Our research in Māori and Pākehā workplaces suggests that unintended impoliteness can subtly infiltrate the core activities of workplaces, namely workplace meetings. We illustrate this by examining differences in the ways in which Māori and Pākehā New Zealanders open and close meetings, and the ways in which Māori and Pākehā make critical comments about the behaviour of workplace employees, relating these discourse moves to considerations of politeness and impoliteness. Our data suggests that while Māori meeting openings tend to be direct, explicit, and elaborated, Pākehā meeting openings are brief and minimal. On the other hand, Māori critical comments in the workplace tend to be indirect, implicit and generalized, while at least in some Pākehā workplaces, criticism can be direct, contestive, and confrontational. The paper concludes by emphasizing that the tendencies identified are based on exploratory research, and that further research is needed to confirm or contest our tentative generalizations.
This paper explores a specific dimension of intercultural interaction by examining how leadership is enacted specifically through talk by two Māori male managers in New Zealand professional organizations. Any effective leader must be able to provide strong direction to his or her team, as well as having well-developed relational skills, and examples are provided to show how each leader achieves these facets of leadership in a very specific intercultural context. Both leaders work in organizations within a society with predominantly western (Pākehā) values, but which are nevertheless committed to promoting Māori values and furthering Māori goals; ethnicity is thus an important and omni-relevant aspect of interaction in these workplaces. Their Māori values and identity are salient features of the managers' interactions, and integral to their leadership styles and the way they each enact their roles as leaders. Māori concepts such as tikanga (customs), kawa (protocols) and whakaiti (humility), along with the importance given to family and looking after people in Māori culture, are evident. Although some of these values are shared by Pākehā, the analysis highlights areas which contrast with the way Pākehā managers lead in majority group organizational contexts.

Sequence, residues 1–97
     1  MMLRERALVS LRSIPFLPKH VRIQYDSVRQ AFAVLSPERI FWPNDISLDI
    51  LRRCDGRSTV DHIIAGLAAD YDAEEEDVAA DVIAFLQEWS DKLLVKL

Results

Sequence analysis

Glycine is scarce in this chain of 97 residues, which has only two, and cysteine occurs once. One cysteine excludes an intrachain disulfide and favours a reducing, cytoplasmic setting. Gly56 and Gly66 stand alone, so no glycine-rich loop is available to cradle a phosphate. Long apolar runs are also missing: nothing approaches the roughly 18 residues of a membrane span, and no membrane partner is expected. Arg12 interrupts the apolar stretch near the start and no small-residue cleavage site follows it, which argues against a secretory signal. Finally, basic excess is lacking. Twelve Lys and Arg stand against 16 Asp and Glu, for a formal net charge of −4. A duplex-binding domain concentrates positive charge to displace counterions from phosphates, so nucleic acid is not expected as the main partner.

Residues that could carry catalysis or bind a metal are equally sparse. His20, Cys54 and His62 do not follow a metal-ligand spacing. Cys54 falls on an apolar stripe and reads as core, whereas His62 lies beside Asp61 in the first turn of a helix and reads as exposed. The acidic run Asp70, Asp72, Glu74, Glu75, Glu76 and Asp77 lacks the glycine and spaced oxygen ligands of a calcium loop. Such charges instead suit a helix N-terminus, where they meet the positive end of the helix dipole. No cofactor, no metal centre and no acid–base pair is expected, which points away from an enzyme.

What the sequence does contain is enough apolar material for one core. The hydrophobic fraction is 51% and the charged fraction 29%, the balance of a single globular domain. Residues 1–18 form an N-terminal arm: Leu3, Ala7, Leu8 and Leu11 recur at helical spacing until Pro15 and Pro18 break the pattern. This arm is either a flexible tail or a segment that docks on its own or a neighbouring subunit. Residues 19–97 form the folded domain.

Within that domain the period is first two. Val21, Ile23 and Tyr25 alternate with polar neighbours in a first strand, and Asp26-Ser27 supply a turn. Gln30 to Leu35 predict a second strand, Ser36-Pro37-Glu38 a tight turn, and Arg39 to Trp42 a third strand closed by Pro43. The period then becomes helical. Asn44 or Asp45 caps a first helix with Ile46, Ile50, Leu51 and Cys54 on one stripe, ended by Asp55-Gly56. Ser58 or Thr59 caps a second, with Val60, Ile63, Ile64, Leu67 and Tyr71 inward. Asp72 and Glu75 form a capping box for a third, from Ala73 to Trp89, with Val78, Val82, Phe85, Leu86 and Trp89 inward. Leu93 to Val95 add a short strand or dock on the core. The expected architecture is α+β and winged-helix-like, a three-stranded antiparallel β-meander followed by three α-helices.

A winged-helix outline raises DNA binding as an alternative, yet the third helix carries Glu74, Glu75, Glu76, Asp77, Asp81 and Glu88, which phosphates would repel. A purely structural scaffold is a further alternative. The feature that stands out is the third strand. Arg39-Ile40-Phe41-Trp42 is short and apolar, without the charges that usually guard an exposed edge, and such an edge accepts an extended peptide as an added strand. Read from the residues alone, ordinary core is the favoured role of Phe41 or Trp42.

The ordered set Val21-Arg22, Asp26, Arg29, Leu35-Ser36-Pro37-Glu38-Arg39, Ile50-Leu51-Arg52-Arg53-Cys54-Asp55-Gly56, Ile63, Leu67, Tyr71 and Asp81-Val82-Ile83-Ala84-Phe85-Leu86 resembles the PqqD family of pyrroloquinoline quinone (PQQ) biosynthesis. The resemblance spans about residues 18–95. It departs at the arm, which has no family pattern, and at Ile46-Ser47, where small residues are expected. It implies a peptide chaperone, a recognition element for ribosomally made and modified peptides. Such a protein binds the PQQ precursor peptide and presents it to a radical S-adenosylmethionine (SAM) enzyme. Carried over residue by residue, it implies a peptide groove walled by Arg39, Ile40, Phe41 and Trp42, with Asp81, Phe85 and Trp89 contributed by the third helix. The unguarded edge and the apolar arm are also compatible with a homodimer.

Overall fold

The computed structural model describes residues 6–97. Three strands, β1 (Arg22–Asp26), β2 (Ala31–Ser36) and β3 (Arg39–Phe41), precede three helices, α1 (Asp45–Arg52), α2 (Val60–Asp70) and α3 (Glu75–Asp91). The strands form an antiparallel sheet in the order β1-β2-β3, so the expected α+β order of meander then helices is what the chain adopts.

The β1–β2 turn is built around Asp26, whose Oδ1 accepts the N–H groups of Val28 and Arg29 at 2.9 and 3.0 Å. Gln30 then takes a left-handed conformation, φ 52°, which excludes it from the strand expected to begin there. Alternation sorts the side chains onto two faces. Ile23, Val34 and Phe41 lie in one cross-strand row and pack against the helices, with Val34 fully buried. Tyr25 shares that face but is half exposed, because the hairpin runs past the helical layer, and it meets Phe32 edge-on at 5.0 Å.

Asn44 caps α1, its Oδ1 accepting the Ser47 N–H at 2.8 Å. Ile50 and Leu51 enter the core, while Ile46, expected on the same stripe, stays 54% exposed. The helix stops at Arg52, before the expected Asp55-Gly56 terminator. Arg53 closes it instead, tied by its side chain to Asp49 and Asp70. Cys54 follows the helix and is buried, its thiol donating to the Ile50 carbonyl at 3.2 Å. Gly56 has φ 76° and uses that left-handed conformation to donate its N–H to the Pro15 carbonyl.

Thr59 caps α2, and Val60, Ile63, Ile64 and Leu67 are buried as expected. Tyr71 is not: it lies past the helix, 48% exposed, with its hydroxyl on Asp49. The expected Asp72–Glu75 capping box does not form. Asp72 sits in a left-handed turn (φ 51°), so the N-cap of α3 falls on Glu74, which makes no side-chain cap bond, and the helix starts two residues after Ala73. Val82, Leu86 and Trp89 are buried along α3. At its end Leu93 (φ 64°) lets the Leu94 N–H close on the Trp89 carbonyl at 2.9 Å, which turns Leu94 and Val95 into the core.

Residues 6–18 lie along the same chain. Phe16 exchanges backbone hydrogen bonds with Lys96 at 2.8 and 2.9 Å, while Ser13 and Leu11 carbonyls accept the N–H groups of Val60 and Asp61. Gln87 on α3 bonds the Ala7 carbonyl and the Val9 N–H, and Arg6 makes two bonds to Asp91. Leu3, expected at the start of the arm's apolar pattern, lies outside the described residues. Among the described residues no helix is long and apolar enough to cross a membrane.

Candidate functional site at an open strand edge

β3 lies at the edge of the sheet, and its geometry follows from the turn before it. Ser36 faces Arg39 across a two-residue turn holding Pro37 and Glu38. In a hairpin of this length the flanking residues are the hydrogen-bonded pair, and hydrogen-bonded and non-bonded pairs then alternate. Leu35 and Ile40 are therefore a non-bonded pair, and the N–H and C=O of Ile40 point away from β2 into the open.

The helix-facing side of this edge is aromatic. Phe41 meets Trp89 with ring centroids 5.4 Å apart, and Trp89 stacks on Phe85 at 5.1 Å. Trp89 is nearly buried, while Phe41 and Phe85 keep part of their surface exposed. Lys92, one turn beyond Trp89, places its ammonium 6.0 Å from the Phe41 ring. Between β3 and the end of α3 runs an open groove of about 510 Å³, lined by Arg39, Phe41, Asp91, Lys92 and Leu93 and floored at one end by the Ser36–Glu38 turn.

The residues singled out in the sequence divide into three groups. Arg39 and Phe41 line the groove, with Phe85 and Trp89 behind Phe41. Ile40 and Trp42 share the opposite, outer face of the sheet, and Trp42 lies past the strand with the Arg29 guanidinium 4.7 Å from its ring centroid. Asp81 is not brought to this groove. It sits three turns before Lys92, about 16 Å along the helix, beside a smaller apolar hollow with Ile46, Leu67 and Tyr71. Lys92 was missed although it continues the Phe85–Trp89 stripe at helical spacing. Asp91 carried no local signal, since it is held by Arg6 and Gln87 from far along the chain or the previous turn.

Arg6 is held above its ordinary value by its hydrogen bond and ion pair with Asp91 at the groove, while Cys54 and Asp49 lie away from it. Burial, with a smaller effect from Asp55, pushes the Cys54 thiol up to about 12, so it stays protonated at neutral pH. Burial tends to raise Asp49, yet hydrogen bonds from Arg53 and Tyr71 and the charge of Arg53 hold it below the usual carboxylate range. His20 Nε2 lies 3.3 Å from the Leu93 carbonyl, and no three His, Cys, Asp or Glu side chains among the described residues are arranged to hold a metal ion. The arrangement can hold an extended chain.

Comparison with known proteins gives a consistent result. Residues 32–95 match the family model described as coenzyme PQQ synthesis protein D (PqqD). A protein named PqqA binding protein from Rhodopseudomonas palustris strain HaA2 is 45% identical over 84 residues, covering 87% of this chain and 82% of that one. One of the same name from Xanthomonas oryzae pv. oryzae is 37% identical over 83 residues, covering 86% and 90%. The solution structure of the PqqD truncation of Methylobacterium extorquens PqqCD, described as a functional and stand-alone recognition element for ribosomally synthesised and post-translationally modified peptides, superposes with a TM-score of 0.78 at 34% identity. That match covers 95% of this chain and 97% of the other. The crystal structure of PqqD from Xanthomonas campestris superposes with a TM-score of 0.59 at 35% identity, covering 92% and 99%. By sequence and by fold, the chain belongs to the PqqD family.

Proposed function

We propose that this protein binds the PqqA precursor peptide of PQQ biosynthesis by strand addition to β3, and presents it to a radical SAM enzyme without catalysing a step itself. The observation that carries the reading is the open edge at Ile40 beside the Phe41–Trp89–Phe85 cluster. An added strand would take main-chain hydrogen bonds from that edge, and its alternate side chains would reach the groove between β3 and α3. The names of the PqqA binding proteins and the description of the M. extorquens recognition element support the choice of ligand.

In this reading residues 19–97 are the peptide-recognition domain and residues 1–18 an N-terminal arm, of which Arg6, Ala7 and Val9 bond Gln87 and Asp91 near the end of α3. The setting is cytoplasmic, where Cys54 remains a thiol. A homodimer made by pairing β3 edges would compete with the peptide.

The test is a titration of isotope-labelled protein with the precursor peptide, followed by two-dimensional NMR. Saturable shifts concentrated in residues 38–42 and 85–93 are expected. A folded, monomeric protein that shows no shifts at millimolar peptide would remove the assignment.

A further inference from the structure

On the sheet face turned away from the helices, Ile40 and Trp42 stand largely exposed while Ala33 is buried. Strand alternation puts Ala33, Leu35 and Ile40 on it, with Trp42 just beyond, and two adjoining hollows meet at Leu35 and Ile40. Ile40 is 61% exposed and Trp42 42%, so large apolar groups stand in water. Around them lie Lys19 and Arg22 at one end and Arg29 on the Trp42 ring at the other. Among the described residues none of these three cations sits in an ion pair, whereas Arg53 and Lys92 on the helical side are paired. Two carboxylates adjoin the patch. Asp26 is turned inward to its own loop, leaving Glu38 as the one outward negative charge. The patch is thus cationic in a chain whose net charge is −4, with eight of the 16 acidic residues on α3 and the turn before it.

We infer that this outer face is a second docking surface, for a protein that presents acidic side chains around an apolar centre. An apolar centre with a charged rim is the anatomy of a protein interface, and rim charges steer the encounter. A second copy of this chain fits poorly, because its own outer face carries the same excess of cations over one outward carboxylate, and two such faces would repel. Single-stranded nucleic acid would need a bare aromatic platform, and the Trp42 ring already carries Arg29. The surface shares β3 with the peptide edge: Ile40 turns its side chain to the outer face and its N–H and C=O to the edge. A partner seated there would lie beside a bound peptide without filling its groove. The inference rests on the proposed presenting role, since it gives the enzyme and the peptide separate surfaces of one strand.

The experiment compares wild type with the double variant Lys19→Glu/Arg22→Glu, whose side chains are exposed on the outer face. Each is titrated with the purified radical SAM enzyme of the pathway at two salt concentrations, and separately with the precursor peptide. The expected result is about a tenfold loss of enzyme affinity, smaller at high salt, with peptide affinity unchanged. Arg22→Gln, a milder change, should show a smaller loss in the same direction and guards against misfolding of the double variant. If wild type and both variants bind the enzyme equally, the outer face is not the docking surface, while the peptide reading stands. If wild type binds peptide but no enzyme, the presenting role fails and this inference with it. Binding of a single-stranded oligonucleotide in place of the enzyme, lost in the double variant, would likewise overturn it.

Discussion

Drawing on authentic workplace interactions, this paper examines the ways in which effective leaders use humor as a discursive resource to construct particular aspects of leadership style. The conventional wisdom in leadership studies suggests that humor is an important tool for “good” leaders who inspire and challenge their subordinates. The management studies literature suggests a basic distinction between a traditional transactional style, which is rule-driven and task focused, and a more favored transformational style, where leaders encourage creativity and innovation, and are characterized as inspirational. Using data collected in a range of New Zealand organizations, this paper explores and illustrates the wide range of functions served by humor, and the ways in which humor contributes to aspects of the construction of leadership styles. Our analysis supports recent proposals that many effective leaders combine aspects of both transactional and transformational styles of leadership.